By Jacob Katel
By Laurie Charles
By Nate "Igor" Smith
By Abel Folgar
By Kat Bein
By Jacob Katel
The selection of flamenco recordings in local music stores tends to be limited to a choice between the venerable Paco de Lucia's classic albums and Eurohits by the dubious Gipsy Kings. Duende, a recently released three-CD box set with 48 pages of illustrated liner notes, substantially fills the gap: This collection of 41 songs by contemporary artists from Spain, plus the companion booklet with track-by-track descriptions and historical anecdotes, amounts to a correspondence course in the art of flamenco.
The first of the three discs highlights flamenco song. Essential "new flamenco" revisionists Cameron de la Isla and Enrique Morente are featured, as are more traditional canto jondo masters like El Indio Gitano, younger vocalists, and regional singers, such as Ramon el Portugues, from Spain's Extremadura region.
Disc number two covers essential flamenco guitarists. In addition to Paco de Lucia, included are Pepe Habichuela, Tomatito, and Manuel San Lucar, performing a range of essential styles: buleria, rumba, colombiana....
The third CD surveys gypsy-rock hybrids and flamenco jazz fusions.
The accompanying glossy, full-color booklet provides detailed notes on each track, as well as a history of flamenco, bios of the artists, a glossary, and a map of Spain and Portugal. The graphics are snappy, and numerous polka-dot-shape photos of the artists at work help tell the story in pictures.
Released on the Ellipsis Arts label, Duende, priced at about $50, has been selling well at Spec's in Coral Gables, where it was a popular Christmas-gift choice among Latin customers, according to Spec's buyer Juan Vera.
The flamenco compilation is one of several box sets in Ellipsis Arts's small catalogue, devoted to compilations of specific genres collected from around the world. Other titles include Voices of Forgotten Worlds: Traditional Music of Indigenous People, Africa: Never Stand Still, and The Big Bang: In the Beginning Was the Drum.
"The ideal project is fabulous music that's rarely heard," asserts Ellipsis Arts's founder Jeffrey Charno, a Long Island distributor of health products and new age music who began producing the CD packages in 1992. His first Ellipsis Arts release, a four-CD set of ritual chanting and spiritual and meditative music from 40 cultures, called Global Meditations, won the Billboard Magazine World Music Album Award for 1993. Last year, the company was ranked number one on Billboard's list of top indie world-music labels.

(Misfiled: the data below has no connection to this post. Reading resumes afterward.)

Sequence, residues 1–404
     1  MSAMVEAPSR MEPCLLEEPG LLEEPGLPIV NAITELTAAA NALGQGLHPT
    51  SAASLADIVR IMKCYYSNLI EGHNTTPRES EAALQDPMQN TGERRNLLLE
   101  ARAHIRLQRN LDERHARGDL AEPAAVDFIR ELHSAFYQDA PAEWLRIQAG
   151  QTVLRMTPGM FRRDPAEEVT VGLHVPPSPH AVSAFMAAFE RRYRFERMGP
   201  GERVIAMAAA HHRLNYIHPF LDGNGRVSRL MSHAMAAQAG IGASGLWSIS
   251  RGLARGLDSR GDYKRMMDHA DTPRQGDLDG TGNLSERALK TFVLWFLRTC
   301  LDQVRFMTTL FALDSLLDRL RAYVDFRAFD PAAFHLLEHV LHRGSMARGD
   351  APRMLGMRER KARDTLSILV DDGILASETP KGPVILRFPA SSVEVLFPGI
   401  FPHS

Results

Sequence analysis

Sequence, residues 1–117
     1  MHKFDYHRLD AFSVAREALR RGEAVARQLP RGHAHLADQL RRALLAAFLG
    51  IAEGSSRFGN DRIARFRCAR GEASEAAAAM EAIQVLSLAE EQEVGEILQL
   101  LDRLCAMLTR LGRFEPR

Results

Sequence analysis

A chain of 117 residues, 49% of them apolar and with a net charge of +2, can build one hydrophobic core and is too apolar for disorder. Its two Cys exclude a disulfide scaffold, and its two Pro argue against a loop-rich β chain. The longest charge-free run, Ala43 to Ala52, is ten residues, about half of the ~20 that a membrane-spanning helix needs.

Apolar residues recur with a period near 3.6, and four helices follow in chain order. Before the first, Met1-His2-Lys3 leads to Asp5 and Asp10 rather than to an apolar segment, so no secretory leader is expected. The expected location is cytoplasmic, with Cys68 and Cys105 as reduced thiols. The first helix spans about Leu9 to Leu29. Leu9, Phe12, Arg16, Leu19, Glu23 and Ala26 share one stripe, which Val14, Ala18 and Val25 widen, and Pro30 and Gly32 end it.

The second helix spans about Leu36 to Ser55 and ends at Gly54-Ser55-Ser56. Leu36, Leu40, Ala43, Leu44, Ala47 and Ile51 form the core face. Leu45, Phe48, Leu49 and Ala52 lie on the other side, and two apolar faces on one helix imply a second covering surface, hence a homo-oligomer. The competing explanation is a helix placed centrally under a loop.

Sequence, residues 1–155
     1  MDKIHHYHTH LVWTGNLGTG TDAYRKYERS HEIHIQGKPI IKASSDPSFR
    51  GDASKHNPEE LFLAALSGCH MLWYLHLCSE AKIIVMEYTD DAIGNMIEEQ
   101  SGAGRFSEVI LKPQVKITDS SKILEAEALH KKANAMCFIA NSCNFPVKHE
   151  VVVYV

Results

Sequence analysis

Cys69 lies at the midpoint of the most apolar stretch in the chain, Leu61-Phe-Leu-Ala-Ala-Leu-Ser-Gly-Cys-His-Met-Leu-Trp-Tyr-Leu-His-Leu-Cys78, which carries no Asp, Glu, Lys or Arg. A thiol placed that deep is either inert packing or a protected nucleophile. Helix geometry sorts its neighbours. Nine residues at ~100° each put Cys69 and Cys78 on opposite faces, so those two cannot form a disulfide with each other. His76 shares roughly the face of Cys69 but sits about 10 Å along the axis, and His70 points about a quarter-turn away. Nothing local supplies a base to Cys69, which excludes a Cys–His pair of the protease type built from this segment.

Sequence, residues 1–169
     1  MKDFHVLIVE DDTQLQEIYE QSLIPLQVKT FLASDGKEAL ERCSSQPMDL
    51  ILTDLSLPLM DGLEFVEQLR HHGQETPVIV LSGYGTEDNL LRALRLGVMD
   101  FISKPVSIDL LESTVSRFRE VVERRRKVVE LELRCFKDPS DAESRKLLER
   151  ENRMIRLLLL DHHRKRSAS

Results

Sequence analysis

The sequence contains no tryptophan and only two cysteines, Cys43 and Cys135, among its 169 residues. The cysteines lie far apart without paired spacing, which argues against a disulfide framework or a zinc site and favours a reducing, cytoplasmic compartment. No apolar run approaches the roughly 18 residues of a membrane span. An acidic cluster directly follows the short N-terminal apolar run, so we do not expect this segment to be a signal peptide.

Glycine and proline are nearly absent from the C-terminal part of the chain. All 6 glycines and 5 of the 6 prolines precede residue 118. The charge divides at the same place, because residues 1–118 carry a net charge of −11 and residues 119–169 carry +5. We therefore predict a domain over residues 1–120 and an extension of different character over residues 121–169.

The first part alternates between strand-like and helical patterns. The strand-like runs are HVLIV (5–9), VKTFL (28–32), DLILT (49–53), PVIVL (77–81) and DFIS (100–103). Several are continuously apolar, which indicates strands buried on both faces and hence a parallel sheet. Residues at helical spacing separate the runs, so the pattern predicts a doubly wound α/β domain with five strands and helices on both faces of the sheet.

"There's a swelling fascination with other cultures and the real stuff that comes out of these cultures," notes Charno, speaking from his Roslyn, New York, office. "The world is getting smaller and it's really getting exciting to be exposed to this music. Several years ago, people weren't as interested as they are now."
In the Eighties, the decade of multicultural "discoveries," world music (a.k.a. global beat, ethnopop, or the international sound) became the buzzword for just about any sound originating outside of North American and European capitals. The trend was cultivated by Western musicians who set off in search of new music in exotic rhythms that had existed for centuries.
Some artists, such as former Talking Head David Byrne with his Luaka Bop label, were able to bring great music from Cuba and Brazil to a broader audience. And there were widely successful collaborations, such as that of Peter Gabriel and Senegalese singer Youssou N'Dour, an acknowledged star in his own right, and Paul Simon's work with South African musicians on Graceland.
But the wave of enthusiastic experimentation also spawned some of the more embarrassing moments in musical history: Sting, singing pidgin Spanish off a crib sheet as he brought the Madres de la Plaza de Mayo -- a group of mothers of those "disappeared" during the Argentine military regime -- on-stage in Buenos Aires; or Stewart Copeland, who appeared in his Rhythmatists video as an amateur musicologist-cum-cowboy traveling in Africa, documenting the natives between his exploits with a leggy blond.
Such mercenary escapades aside, the hundreds of world-music recordings -- Western/non-Western collaborations, Third World pop, or samplers of indigenous rhythms -- produced and distributed by offshoots of major labels over the past decade have accomplished much in opening people's ears to music of other cultures. But there is a downside to what is by now a mainstream proliferation of world-music production. An unguided exploration through the world-music bins may give you the sensation that this is, as the song goes, "one world" -- one where musicians in Benin and Tobago can produce homogenous synthpop, just like the Top 40 homeboys do. (And they look like them, too).
In the Nineties, record companies have found ways to put a new spin on world music. Ellipsis is leading the pack with a purist approach enhanced by smartly designed packaging. Charno's way recalls the ethnographic Nonesuch recordings of the Sixties updated for the information age. The music on the Ellipsis Arts discs is expertly selected and seamlessly produced; the whole box is a multimedia product close to a CD-ROM in concept. Exhibiting a proper political correctness (percentages of the proceeds are donated to the Rainforest Alliance and the United Nations Center for Human Rights), Ellipsis Arts offers education and entertainment.
"We're not just coming up with another song, we're presenting new musical systems," explains Charno. "These are unknown artists, and entirely new traditions, which most frequently are not created within commercial environments. They are part of rituals of a culture. So, the truth is, if you just hear the record, you're just getting a piece of it. I think that by putting it into a little bit of context, you get much more out of it. You just can't get it if you don't have some background to go with it."